beatriceflores is right, since lifting up my voice can also make my cat calmer (for at least a few minutes) :).

    • valeriebelew profile image
      Author

      valeriebelew 7 years ago from Metro Atlanta, GA, USA

      I guess all cats are different. Raising my voice does not seem to have much effect on mine. Fluffy has finally leaned to acknowledge the word no, he he barely acknowledges it, and is back to his original plan in minutes. Thanks for the comments on my site. (:v

    • Varenya profile image

      Varenya 7 years ago

      Hi, beautiful hub, it made me smile! I have a little cub, a female six months old, very sweet as also very rascal! I've tried your methods, but after having feigned to obey, after some hours she return to do what I forbidden...feline behaviour: uncontrollable!

    • valeriebelew profile image
      Author

      valeriebelew 7 years ago from Metro Atlanta, GA, USA

      OH NO. Hope it doesn't happen to me. (:v

    • dallas93444 profile image

      Dallas W Thompson 7 years ago from Bakersfield, CA

      What you do works better than trying to "herd cats." Thanks for another great hub!

    • valeriebelew profile image
      Author

      valeriebelew 7 years ago from Metro Atlanta, GA, USA

      a cat ain't gonna be herded, dallas. Thanks for the comment on my site. (:v

    • dallas93444 profile image

      Dallas W Thompson 7 years ago from Bakersfield, CA

      You think because they will get their "felines" hurt?

    • valeriebelew profile image
      Author

      valeriebelew 6 years ago from Metro Atlanta, GA, USA

      Thanks for sharing your sense of humor, dallas. Maybe that's it. (:v

    • GarnetBird profile image

      Gloria Siess 6 years ago from San Jose, California

      I'm having a lot of trouble with my adopted feral kitten and my Big Cat--the water bottle idea sounds great!!

    • valeriebelew profile image
      Author

      valeriebelew 6 years ago from Metro Atlanta, GA, USA

      Try it, GarnetBird, and tell me what happens. Thanks for commenting on my site. (:v

    • Eternal Evolution profile image

      Eternal Evolution 6 years ago from kentucky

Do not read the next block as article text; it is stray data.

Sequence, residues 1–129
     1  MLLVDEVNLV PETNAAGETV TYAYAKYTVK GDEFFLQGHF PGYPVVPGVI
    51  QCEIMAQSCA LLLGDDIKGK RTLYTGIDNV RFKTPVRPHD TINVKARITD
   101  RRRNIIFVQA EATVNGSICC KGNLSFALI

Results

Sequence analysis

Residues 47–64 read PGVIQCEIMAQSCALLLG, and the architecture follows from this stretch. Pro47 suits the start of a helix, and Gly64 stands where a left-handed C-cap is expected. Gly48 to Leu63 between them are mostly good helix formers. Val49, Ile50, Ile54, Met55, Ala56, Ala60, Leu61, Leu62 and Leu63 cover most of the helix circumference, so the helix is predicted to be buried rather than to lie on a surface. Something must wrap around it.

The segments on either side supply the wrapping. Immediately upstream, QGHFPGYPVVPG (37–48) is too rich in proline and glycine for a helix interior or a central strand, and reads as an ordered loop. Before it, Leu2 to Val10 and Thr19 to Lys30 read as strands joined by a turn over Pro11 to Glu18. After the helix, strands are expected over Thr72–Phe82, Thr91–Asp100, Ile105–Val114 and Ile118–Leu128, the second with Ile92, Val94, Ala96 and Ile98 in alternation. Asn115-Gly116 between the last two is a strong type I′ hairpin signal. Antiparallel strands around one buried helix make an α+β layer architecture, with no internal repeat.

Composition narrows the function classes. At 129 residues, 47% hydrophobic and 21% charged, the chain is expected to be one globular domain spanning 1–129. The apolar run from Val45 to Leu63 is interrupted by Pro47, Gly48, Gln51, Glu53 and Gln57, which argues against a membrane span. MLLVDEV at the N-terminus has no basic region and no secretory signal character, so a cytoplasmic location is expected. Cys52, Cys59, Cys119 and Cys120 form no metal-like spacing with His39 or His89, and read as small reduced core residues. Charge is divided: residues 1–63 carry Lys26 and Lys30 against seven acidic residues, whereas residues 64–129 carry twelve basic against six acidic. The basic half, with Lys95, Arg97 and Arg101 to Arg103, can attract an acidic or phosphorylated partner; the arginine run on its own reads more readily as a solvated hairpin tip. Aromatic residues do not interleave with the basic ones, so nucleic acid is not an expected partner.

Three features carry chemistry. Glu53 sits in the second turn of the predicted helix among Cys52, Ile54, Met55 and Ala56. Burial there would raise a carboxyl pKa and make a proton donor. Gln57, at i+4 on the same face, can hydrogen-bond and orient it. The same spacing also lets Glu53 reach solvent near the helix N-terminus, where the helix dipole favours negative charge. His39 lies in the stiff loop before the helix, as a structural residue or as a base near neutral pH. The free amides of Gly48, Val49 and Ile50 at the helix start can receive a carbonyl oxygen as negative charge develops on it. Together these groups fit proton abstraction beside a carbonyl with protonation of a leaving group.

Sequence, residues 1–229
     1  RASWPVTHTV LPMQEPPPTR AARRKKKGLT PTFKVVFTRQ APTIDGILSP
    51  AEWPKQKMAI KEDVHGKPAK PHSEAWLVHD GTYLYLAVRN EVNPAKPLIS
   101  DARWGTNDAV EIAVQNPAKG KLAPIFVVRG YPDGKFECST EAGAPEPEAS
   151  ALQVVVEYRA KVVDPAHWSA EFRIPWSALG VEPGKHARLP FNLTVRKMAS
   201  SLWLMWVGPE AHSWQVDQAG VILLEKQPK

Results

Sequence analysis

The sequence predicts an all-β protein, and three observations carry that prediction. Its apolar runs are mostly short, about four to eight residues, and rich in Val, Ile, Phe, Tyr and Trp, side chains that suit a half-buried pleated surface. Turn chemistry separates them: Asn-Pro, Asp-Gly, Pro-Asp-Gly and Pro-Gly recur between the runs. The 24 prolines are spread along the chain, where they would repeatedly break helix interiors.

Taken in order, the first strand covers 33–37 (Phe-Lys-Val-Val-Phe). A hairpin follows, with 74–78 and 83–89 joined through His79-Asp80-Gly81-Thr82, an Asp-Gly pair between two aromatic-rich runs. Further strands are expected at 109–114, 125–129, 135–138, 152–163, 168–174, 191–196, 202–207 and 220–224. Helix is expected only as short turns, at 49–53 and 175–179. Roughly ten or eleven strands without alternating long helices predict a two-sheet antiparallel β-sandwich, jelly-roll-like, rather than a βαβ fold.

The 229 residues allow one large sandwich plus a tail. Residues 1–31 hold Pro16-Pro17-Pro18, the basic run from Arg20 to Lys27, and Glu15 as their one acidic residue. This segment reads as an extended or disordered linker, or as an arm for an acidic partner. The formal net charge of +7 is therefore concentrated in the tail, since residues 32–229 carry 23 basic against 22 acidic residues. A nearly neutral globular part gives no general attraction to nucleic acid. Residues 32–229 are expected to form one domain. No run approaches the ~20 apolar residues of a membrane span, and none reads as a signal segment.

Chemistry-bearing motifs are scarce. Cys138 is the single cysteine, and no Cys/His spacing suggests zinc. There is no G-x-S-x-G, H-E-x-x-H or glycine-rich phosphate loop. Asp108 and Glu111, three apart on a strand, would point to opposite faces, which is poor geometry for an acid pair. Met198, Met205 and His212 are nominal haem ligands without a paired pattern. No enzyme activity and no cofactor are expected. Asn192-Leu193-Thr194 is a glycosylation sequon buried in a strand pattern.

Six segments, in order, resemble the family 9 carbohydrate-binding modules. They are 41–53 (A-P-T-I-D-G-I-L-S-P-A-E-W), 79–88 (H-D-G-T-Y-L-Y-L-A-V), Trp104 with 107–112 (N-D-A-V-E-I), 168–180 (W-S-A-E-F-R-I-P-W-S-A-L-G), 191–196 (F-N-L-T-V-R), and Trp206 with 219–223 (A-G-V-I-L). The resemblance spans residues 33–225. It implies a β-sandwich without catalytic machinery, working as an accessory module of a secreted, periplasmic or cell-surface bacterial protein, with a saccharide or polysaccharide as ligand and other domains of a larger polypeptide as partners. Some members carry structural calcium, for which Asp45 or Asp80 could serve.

I have never tried the hissing thing but sounds like something i'll try. one of my cats, Baylin acts more like a dog than he does a cat lol

    • valeriebelew profile image
      Author

      valeriebelew 6 years ago from Metro Atlanta, GA, USA

      Some cat breeds are known for that, eternal evolution. My dogs don't respond to hissing, but my cats do. Though last night while I was sleeping, they opened a package of uncooked noodles, and broke a glass container. Guess my tactics only work when I'm awake to use them. (:v

    • msorensson profile image

      msorensson 6 years ago

      ha ha ha..Wow.. what a great observation..

      I thought it was one of the impossible things to do, lol..Thank you for this.

      I do not own cats..I am allergic to their hairs but my friend does so I will alert her.

    • valeriebelew profile image
      Author

      valeriebelew 6 years ago from Metro Atlanta, GA, USA

      What can I say? These methods have worked thus far with mine. (:v

    • valeriebelew profile image
      Author

      valeriebelew 5 years ago from Metro Atlanta, GA, USA

      Maybe I sound like an idiot to you, Tom, but you sound pretty emotional and mean spirited to me. My present cats stay outside most of the time. Perhaps you should let your cat be an outside cat. That beats being gassed.

    • profile image

      Franke 2 years ago

      I love my cat and all but some times she dosent lisen

    • profile image

      Valeriebelew 2 years ago

      Franke, that is the nature of cats. Getting them to listen if difficult, and takes a lot of work, but if you love cats you think they are worth it. And you seem to like your feline.

    • profile image

      william winkleman 2 years ago

      I" ll try that method because Ive tried everything I could think of.thanks again.

    • profile image

      gman 18 months ago

      These methods don't even work on my cat. He still defies me . I don't know what to do.

    • profile image

      Owen 16 months ago

      My cat Mitzy doesn't listen to any of these, now what

    • profile image

      Katie 3 months ago

      It helps me most when I hiss like a cat, at my cats and to use a spray bottle. I adopted a stray calico cat a few years ago and she is sensitive to any type of touch. She is a wild cat. Whenever I hiss at her or spray water at her, she gets scared and runs away. My other cat I have is less sensitive and is a people cat but whenever I hiss at her or spray water at her, she to will get scared and will run away. Thanks for the advice!